Q&A: What the religious exemptions in N.Y.'s 'gay marriage' law do and don't cover
ALBANY, N.Y. (BP)--Religious exemption language that was part of a successful "gay marriage" bill in New York addresses a handful of religious liberty concerns but ignores a large number of other religious conflicts, says an attorney familiar with the issue.
The religious exemption language was critical to getting a handful of Republican senators -- four total -- to support the bill, allowing it to pass, 33-29.
The issue of religious liberty has been at the forefront of conservative concerns about "gay marriage." After it was legalized in Massachusetts in 2004, Catholic Charities chose to get out of adoptions instead of being forced to place children in same-sex homes. While the language might prevent that from happening in New York, Alliance Defense Fund attorney Austin R. Nimocks says, it would not protect a husband-and-wife photography team from state action if they declined to take pictures at a same-sex "wedding." It also would do nothing to prevent the teaching of "gay marriage" in New York schools. Alliance Defense Fund is a legal organization that fights for religious liberty.
Following is a partial transcript of an interview with Nimocks:
BAPTIST PRESS: Give me an example of what the bill supposedly would cover in its religious exemptions.
AUSTIN R NIMOCKS: A church or religious organization that, for example, owns property, would not be required to have their property used or appropriated for purposes inconsistent with their theological beliefs or views about marriage.
BP: Would the exemption protect Catholic Charities and prevent the problem that they had in Massachusetts?
NIMOCKS: It's hard to say because you don't know how all this is going to be interpreted. But I would say that Catholic Charities would likely be covered [by the exemption] because of the religious nature of Catholic Charities. But if you have a private adoption agency that is not overtly religious but believes they want to adopt kids out only to moms and dads -- they're not covered.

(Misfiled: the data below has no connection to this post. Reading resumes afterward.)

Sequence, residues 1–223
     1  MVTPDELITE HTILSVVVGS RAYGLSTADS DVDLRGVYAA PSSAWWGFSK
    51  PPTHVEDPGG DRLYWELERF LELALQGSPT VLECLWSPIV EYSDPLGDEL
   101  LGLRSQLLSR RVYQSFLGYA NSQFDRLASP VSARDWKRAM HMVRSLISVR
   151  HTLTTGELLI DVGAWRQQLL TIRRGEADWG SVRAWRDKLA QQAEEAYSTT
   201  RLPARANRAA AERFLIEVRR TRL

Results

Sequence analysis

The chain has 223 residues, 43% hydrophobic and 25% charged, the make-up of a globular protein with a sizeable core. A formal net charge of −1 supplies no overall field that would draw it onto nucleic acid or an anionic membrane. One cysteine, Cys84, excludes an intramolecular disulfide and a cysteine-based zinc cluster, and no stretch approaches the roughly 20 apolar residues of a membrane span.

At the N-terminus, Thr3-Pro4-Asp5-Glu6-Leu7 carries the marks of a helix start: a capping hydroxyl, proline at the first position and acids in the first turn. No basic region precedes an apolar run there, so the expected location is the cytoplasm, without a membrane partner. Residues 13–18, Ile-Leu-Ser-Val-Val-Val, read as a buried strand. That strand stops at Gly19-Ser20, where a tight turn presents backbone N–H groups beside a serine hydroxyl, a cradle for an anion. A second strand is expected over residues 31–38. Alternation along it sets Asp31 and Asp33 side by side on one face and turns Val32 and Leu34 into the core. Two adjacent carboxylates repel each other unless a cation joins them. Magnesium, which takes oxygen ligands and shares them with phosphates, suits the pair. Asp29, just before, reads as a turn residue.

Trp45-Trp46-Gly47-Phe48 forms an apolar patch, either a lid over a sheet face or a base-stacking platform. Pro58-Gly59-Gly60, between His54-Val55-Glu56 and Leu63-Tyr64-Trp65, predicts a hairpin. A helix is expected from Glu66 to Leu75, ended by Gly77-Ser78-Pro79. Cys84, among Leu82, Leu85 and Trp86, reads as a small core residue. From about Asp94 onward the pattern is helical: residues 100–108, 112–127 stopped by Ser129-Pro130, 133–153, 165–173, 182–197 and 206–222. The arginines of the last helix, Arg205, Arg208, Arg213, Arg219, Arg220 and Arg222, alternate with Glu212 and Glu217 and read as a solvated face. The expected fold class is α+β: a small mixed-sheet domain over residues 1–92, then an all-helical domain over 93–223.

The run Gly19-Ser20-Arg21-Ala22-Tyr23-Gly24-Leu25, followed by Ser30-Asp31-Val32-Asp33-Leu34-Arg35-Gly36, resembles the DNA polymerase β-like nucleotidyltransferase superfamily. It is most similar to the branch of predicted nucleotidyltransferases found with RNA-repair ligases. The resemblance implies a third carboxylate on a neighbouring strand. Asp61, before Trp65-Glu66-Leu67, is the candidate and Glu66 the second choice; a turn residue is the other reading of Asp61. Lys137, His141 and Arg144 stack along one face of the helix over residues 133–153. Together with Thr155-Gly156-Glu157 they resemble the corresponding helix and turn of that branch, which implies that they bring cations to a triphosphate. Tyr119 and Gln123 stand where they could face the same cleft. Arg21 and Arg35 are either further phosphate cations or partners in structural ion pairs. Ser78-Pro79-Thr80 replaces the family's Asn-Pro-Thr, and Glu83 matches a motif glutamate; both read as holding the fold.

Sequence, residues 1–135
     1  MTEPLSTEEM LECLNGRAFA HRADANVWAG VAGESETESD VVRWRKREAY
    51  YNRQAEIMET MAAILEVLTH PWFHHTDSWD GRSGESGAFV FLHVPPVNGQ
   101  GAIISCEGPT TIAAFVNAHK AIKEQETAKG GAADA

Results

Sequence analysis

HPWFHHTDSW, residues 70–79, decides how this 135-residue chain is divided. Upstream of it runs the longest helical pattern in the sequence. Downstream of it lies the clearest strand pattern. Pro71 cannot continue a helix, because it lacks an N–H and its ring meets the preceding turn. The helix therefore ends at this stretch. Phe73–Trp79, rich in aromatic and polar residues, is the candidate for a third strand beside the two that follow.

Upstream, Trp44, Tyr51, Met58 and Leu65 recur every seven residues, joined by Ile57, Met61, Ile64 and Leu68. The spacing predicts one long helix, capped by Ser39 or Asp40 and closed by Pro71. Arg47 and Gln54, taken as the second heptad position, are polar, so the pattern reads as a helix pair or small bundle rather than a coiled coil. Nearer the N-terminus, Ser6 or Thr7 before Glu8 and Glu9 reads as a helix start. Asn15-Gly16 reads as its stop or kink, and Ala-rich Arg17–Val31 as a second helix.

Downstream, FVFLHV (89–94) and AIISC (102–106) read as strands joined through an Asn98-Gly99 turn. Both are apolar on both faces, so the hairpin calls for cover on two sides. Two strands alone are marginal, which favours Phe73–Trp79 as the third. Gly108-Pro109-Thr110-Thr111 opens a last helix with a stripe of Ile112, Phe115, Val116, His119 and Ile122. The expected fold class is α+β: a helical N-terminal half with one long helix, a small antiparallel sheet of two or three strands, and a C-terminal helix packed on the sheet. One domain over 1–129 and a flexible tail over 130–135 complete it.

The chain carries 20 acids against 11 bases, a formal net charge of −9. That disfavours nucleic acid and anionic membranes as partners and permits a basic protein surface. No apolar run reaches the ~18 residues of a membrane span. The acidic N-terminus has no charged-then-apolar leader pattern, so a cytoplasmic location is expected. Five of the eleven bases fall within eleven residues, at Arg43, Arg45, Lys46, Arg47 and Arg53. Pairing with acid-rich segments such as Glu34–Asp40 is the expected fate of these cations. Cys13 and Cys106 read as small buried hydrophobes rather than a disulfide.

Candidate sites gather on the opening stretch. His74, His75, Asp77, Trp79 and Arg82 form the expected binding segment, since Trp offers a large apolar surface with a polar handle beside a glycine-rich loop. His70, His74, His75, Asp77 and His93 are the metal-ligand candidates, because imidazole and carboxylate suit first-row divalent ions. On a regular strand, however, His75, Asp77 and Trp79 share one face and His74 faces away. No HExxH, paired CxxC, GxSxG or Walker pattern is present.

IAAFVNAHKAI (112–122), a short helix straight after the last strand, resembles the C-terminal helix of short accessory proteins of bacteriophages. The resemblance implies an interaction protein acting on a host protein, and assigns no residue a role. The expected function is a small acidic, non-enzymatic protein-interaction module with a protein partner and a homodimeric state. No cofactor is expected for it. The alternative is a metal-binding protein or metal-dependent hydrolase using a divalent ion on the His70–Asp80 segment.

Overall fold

BP: You're saying that the term "religious" is up to a judge's interpretation.
NIMOCKS: Absolutely. Where a conflict arises, it will be played out in court or some tribunal. This language does not cover everything it needs to cover and everybody that needs to be covered. In terms of what it purports to cover, it remains to be seen whether it will be interpreted in the way that many legislators who enacted it are promising it will be. There are significant holes in this religious liberty language.
BP: What are some examples?
NIMOCKS: It does not protect individuals. It does not protect private business owners. It does not protect, for example, a bed and breakfast owner who is using their own private personal property in the type of intimate setting that a bed and breakfast is. It does not protect licensed professionals. For example, it does not protect counselors. It also does not protect lawyers -- you may have a family law attorney who does not want to do a same-sex divorce because of their deeply held religious beliefs. It does not protect fertility doctors who may have a strict belief and only want to help [heterosexual] married couples because they believe a kid deserves both a mom and a dad.
BP: So it would not cover wedding photographers, such as the famous case in New Mexico? [A state judge ruled in 2009 that a husband-and wife-owned photography company violated state anti-discrimination laws when they refused to take pictures of a lesbian commitment ceremony.]
NIMOCKS: No, it absolutely would not, and that's a problem. And that's just one type of artist involved in your traditional, everyday American wedding ceremony. You've got invitation printers, you have caterers, cake makers. You've got several different types of professions that can all be impacted by this, and this language makes no effort whatsoever to protect them.
BP: Would it cover a situation similar to what happened in Ocean Grove, N.J.? [Where a Methodist-owned beachfront property lost part of its tax-exempt status because its leaders denied use of the property to a lesbian couple for a commitment ceremony.]
NIMOCKS: It's unclear.
BP: Are public schools covered?
NIMOCKS: The most glaring omissions from this bill -- what it does not cover -- are individuals and business owners and schools and school officials. It does not protect our children.
BP: Which means that "gay marriage" can be taught as normative and be protected by state law?
NIMOCKS: That is correct. It does not exempt one of the most important things that should be exempted -- from what we've learned as this agenda has progressed -- and that is the intent of advocates of same-sex marriage to teach same-sex marriage as wonderful, normal and appropriate to children as young as kindergarten.
Michael Foust is associate editor of Baptist Press. Read the religious exemption law online at http://open.nysenate.gov/legislation/bill/A8520-2011